• Bear's Paw, when included in mixed succulent container gardens, can play a structural role, providing height and visual interest among lower-growing species.

Interesting Facts

  • bedFeng Shui

    The Bear's Paw is not used in Feng Shui practice.

  • aquariusZodiac Sign Compitability

    The Bear's Paw is not used in astrology practice.

  • spiralPlant Symbolism

    • Endurance: The Cotyledon tomentosa subsp. tomentosa, commonly known as Bear's Paw, is a succulent that can hold water in its leaves and survive in dry conditions, symbolizing the ability to endure and thrive in challenging environments.
    • Protection: With the 'paws' appearing as if they have claws, they can symbolize a protective nature or the need to guard oneself or one's loved ones.
    • Uniqueness: The peculiar shape and the fuzziness of the leaves make Bear's Paw a unique plant, symbolizing the celebration of individuality and non-conformity.
    • Prosperity: Like many succulents, Bear's Paw is often considered a token of good fortune and prosperity due to its plump leaves that resemble a full coin purse or wallet.

Every 2-3 weeks
2500 - 10000 Lux
Every 2-3 years
Spring to Summer
Not needed
  • water dropWater

    The Bear's Paw (Cotyledon tomentosa subsp. tomentosa) should be watered sparingly as it is a succulent plant that is prone to overwatering. It's crucial to allow the soil to completely dry between waterings. Typically, watering once every two to three weeks is sufficient, but this can vary depending on the humidity and temperature. When you do water, give the plant a thorough soaking so that water reaches the entire root system. You will likely need about 8 to 16 onzes of water every two weeks, adjusting as necessary for your environment.

  • sunLight

    The Bear's Paw thrives in bright, indirect sunlight. It can tolerate some direct sun, especially in the morning, but it's important to protect it from the harsh afternoon sun which can scorch its leaves. A spot near a south or east-facing window where it can get plenty of light without being directly under the sun's rays all day is ideal.

  • thermometerTemperature

    Bear's Paw prefers temperatures between 60 and 80 degrees Fahrenheit, which provides an ideal growing environment. It can survive in temperatures as low as 30 degrees Fahrenheit but should be protected from frost. Keep the plant away from cold drafts in winter and extreme heat during the summer to maintain optimal growing conditions.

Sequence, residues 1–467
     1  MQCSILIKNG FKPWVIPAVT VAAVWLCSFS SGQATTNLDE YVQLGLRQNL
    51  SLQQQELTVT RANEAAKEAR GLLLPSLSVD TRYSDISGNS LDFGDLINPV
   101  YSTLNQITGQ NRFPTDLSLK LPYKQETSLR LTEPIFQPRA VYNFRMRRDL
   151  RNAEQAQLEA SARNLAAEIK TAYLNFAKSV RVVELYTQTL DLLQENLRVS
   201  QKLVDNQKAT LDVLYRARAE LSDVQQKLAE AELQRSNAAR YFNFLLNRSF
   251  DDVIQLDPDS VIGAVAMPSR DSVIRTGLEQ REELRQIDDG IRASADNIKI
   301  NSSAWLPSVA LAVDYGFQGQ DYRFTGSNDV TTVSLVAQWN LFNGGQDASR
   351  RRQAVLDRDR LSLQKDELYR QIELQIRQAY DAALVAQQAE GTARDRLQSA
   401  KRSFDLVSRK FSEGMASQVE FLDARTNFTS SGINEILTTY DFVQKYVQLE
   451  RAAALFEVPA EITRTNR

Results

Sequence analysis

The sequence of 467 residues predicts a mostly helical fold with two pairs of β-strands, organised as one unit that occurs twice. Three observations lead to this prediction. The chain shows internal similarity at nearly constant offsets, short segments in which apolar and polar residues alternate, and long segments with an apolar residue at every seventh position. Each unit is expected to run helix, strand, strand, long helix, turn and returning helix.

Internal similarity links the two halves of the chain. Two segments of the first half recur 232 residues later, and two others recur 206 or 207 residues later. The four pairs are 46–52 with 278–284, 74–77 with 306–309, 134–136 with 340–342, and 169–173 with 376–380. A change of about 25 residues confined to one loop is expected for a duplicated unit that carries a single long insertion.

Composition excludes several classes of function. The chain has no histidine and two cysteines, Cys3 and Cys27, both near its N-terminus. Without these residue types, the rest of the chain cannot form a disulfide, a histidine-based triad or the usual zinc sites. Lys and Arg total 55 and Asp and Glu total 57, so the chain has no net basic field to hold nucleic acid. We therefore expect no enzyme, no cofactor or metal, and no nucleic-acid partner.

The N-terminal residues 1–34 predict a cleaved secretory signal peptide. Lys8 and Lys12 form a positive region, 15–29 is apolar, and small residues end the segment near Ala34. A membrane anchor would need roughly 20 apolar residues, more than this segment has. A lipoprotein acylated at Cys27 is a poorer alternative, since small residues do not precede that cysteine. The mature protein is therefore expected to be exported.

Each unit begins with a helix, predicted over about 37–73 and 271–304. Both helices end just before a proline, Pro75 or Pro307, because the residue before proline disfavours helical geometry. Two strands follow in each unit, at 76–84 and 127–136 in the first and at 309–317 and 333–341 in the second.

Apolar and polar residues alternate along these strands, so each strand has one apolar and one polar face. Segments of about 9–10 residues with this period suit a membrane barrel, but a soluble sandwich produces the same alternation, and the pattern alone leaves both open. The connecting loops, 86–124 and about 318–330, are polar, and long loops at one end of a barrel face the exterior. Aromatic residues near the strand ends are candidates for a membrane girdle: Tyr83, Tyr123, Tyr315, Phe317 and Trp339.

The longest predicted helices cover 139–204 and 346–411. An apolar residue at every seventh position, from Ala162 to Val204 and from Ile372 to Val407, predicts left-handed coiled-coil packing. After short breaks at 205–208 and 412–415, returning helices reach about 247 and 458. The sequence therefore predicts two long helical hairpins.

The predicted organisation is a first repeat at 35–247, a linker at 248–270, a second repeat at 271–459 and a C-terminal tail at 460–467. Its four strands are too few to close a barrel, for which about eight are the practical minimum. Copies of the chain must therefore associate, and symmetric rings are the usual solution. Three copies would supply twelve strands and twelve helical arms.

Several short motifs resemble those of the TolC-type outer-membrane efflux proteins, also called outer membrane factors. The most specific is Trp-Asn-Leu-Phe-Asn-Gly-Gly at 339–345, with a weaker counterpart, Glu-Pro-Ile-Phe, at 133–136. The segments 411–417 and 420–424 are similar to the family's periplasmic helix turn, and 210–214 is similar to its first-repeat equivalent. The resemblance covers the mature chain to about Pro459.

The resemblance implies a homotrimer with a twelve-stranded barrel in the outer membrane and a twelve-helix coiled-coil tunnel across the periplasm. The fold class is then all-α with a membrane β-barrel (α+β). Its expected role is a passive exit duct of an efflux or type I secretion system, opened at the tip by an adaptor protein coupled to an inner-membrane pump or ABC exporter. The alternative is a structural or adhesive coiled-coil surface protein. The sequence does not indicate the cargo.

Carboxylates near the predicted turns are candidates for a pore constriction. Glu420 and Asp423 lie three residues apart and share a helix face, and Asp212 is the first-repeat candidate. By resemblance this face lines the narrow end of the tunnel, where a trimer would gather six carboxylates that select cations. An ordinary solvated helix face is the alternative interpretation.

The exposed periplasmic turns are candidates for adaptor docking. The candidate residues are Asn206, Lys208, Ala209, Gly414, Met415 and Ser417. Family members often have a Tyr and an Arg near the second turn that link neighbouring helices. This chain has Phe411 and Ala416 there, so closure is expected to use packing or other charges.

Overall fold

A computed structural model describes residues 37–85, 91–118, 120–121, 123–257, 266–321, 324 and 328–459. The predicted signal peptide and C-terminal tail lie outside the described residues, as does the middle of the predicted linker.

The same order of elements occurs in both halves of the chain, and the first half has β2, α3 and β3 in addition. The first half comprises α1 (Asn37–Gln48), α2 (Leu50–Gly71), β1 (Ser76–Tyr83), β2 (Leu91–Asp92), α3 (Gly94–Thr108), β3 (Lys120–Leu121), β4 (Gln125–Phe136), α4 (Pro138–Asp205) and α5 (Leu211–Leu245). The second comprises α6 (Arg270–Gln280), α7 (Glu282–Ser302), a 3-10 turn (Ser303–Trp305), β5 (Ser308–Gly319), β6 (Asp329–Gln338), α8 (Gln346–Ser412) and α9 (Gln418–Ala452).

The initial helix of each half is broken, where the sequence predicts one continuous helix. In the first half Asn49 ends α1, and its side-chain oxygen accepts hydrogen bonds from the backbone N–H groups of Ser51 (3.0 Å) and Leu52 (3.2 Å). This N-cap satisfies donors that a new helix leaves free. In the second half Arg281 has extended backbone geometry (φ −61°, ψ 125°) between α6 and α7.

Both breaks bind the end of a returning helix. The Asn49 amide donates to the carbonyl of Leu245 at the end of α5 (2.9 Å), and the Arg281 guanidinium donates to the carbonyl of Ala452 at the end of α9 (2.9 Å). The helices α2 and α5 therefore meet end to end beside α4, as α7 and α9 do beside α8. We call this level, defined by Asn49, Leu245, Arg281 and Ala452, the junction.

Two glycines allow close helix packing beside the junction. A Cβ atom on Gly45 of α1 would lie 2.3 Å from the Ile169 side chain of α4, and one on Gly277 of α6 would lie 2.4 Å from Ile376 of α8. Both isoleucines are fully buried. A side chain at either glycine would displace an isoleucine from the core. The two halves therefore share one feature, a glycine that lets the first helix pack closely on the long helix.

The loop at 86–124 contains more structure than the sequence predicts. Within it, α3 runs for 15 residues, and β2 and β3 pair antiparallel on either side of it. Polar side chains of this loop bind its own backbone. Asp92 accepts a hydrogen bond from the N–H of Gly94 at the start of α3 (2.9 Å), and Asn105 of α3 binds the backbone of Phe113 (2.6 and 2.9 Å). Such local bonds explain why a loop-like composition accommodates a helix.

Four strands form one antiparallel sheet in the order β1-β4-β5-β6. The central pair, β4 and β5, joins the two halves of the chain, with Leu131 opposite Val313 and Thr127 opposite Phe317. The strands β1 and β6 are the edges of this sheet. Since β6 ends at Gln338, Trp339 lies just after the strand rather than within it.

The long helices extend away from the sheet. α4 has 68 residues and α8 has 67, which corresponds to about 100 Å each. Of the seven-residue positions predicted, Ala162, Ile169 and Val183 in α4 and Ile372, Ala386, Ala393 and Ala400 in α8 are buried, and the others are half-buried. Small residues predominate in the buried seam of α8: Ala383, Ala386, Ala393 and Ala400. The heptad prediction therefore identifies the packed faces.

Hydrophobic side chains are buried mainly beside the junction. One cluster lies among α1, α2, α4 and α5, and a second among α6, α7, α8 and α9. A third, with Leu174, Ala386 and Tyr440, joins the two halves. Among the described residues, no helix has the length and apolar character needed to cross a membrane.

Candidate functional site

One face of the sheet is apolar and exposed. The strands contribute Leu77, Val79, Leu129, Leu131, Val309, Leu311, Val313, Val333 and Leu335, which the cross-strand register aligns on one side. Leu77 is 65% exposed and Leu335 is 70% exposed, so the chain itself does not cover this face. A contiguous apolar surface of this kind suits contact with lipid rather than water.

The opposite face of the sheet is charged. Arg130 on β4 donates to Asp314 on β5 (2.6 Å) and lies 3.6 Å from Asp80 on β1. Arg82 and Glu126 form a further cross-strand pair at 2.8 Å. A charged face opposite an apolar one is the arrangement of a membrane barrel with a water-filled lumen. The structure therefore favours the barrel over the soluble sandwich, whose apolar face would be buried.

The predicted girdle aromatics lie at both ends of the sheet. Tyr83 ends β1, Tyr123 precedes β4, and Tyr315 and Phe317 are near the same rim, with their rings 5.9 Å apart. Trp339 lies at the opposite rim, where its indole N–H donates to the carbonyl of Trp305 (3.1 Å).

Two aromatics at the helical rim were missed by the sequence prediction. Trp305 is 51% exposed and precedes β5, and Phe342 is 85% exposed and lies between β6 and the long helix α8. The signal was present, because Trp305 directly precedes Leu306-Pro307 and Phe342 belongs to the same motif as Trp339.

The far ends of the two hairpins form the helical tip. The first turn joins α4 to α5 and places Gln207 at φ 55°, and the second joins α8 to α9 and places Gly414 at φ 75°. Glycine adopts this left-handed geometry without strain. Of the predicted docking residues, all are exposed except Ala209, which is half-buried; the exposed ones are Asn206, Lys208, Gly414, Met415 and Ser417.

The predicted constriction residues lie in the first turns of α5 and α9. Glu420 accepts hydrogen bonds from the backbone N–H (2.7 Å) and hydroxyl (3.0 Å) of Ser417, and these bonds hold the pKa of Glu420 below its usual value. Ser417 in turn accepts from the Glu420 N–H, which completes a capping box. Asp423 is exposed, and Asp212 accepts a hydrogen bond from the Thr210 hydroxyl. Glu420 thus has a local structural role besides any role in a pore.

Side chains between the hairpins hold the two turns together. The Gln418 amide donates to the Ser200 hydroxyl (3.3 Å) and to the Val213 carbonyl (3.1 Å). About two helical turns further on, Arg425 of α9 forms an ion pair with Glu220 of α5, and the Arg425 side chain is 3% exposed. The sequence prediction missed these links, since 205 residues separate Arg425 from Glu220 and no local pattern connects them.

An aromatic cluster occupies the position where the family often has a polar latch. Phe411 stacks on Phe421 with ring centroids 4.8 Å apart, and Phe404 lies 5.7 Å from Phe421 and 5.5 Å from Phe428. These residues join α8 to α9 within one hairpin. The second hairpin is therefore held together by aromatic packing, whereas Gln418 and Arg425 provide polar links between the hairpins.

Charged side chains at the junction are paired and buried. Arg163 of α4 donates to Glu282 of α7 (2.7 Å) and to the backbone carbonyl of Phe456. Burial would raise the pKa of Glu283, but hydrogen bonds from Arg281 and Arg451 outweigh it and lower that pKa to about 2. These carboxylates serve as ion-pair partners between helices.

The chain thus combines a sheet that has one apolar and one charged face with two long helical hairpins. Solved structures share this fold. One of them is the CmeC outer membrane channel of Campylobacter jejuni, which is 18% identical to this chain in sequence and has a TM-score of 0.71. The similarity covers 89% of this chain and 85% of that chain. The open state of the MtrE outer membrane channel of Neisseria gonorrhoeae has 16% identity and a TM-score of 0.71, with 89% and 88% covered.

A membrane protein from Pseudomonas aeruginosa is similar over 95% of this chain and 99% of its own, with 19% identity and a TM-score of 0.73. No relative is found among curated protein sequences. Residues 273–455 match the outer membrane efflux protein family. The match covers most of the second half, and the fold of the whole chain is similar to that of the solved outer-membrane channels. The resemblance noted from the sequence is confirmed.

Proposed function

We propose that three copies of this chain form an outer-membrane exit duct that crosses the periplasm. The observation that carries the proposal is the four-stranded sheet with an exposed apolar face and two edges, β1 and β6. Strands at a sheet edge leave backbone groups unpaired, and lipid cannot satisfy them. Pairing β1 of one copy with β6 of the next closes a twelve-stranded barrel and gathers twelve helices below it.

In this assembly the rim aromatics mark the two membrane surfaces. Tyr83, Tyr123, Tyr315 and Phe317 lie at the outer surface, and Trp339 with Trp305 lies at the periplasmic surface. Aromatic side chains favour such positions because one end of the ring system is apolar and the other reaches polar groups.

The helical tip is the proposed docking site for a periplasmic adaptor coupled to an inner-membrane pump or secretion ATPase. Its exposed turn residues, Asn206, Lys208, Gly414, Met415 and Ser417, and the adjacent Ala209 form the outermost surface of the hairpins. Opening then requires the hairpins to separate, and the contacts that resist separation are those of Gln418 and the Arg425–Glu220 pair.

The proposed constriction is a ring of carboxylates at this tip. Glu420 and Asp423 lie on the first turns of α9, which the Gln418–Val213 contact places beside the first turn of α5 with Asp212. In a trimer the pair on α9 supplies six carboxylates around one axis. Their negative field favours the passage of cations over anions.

• scissorsPruning

    Pruning the Bear's Paw is important to remove any dead or damaged leaves to encourage new growth and maintain a compact shape. The best time to prune is in the spring or early summer at the start of its growing season. Pruning occasionally is often enough, whenever you notice damaged leaves or if the plant becomes too leggy.

  • broomCleaning

    As needed

  • bambooSoil

    The Bear's Paw (Cotyledon tomentosa subsp. tomentosa) thrives in a well-draining cactus or succulent mix with added perlite or pumice to enhance drainage; the ideal soil pH is around 6.0.

  • plantRepotting

    Bear's Paw should be repotted every 2-3 years or when outgrowing its container to ensure healthy growth.

  • water dropsHumidity & Misting

    Bear's Paw prefers low humidity levels typical of arid environments, avoiding excessive moisture which can lead to rot.

  • pinSuitable locations

    • Indoor

      Place Bear's Paw in bright, indirect light indoors and allow soil to dry between watering.

    • Outdoor

      Plant Bear's Paw in well-draining soil, full sun to partial shade.

    • Hardiness zone

      9-11 USDA

  • circleLife cycle

    Cotyledon tomentosa subsp. tomentosa, commonly known as Bear's Paw, begins its life cycle when seeds germinate in warm, well-draining soil, typically in the spring or summer. The seedlings develop fleshy leaves that exhibit the characteristic 'paw'-like shape with reddish tooth-like margins, which is a sign of its initial vegetative growth phase. As the plant matures, it enters a prolonged vegetative stage, with leaves growing larger and the stem thickening to support the succulent leaves. Flowering occurs generally in late spring or early summer, producing bell-shaped orange to yellow flowers on tall stalks above the foliage, representing the reproductive phase. After pollination, seeds are set, and once mature, they are dispersed to begin a new generation of plants. Throughout its life, Bear's Paw goes through periodic dormant phases, especially in cooler temperatures, where it requires less water and ceases active growth.

  • sproutPropogation

    • Propogation time

      Spring to Summer

    • Propogation: The most popular method of propagating the Bear's Paw (Cotyledon tomentosa subsp. tomentosa) is through leaf cuttings. To propagate by leaf cuttings, a healthy leaf is gently twisted off the plant ensuring that no part of the leaf is left on the stem, as this might prevent it from rooting. The leaf is then left to callous over for a few days in a warm, dry place, which helps to prevent rot when the leaf is planted. Once the cut end is calloused, the leaf is placed on top of a well-draining soil mix, and kept in a bright area with indirect sunlight. It's important to water sparingly, just enough to keep the soil slightly moist, as too much moisture can cause the cutting to rot. Roots and new shoots typically emerge from the base of the leaf after a few weeks. This method is effective and is often preferred because it allows for the creation of multiple plants from a single leaf.